Bespoke marketing may be the aspiration of leading retailers, but new research indicates that most of their increasingly prolific messaging is wide of the target.
The Chartered Institute of Marketing (CIM), a leading professional marketing body, revealed details this week of how the general public is being bombarded with marketing materials.
“42% of people surveyed say they receive marketing via social media at least once a day, and over a third (36%) receive calls once a week or more,” says their report, based on interviews with 2,000 adults across the whole country.
“Although customers receive a high level of marketing materials, half of those who have ever received them say it is never relevant to them. Of those who receive promotional materials, it is most common to receive marketing about a hobby or interest they don’t have (61%) or for them to receive promotions for offers in areas they neither live in nor visit (35%).”
The research found that over half (55%) of people receiving promotional material believe the majority of these organisations obtained their contact details without their consent, a perception that could ultimately be costly for brands, CIM argues.
CIM’s research also reveals the sectors that are the most and least trusted when it comes to data management, sobering news for those of us in the news business.
The lowest ranking sectors are fast moving consumer goods – only 1% deem them trustworthy, followed by media, including publishers (2%).
Meanwhile there was some positive recognition for the work of financial services (34%), healthcare and pharmaceuticals (25%) and professional and business services (16%) on the way they manage people’s data.
CIM says it is committed to working with organisations to ensure best data practice is embedded; to raise standards and help to rebuild customer trust. To do this, the Institute has recently launched a new campaign entitled Data Right – calling on businesses to be more responsible with the way they manage data, in order to improve the relationship between businesses and customers.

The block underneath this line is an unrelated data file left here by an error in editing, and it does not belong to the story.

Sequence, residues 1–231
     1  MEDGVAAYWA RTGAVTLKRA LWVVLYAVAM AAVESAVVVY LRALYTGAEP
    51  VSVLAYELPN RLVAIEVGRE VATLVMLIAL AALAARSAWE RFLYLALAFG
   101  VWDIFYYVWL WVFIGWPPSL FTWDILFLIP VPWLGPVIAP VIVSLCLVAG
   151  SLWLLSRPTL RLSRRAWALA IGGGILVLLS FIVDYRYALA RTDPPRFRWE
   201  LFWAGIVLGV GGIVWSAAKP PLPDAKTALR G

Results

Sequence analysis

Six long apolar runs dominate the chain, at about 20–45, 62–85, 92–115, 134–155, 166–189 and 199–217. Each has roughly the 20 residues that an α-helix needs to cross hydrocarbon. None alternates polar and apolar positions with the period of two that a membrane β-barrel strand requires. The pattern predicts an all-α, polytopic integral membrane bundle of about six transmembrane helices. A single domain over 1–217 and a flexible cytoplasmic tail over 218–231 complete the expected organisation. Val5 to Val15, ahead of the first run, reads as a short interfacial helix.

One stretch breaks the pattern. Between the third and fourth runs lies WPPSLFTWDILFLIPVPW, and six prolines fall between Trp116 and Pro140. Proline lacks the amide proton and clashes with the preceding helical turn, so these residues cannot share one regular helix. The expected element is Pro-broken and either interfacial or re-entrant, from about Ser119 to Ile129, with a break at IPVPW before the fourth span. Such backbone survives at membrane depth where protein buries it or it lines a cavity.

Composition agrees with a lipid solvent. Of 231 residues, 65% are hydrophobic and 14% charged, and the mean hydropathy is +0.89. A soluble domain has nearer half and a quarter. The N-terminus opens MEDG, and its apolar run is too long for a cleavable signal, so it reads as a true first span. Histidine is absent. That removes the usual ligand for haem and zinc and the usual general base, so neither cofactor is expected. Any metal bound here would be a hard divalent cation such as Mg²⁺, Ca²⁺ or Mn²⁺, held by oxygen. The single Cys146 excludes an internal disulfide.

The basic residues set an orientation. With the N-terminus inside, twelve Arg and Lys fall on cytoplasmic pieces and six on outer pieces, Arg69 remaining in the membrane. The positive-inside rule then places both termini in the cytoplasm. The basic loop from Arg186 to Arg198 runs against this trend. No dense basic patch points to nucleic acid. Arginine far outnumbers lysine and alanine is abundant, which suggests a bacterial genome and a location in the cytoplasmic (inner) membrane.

Chris Daly, Chief Executive of the Chartered Institute of Marketing, commented: “What’s most worrying about these results is that they are unsurprising. In our interconnected, ‘always on’ world, being bombarded with irrelevant materials has become the expected or the norm. It’s not good enough and it’s eroding the trust between customers and businesses. We need to act now and this is why we are asking organisations to take the Data Right pledge, to commit to showing greater respect and accountability to their customers.”
“Businesses have a responsibility to their customers to be transparent, respectful and clear about how they use their personal information. Not only is this best data practice, but it ultimately will help consumers feel more confident and enjoy the benefits of sharing more personal data with businesses. The more data is shared, the easier it is for companies to provide relevant, targeted communications to consumers. But until businesses step up and show their commitment to best practice, they risk alienating their customers and damaging their brand.”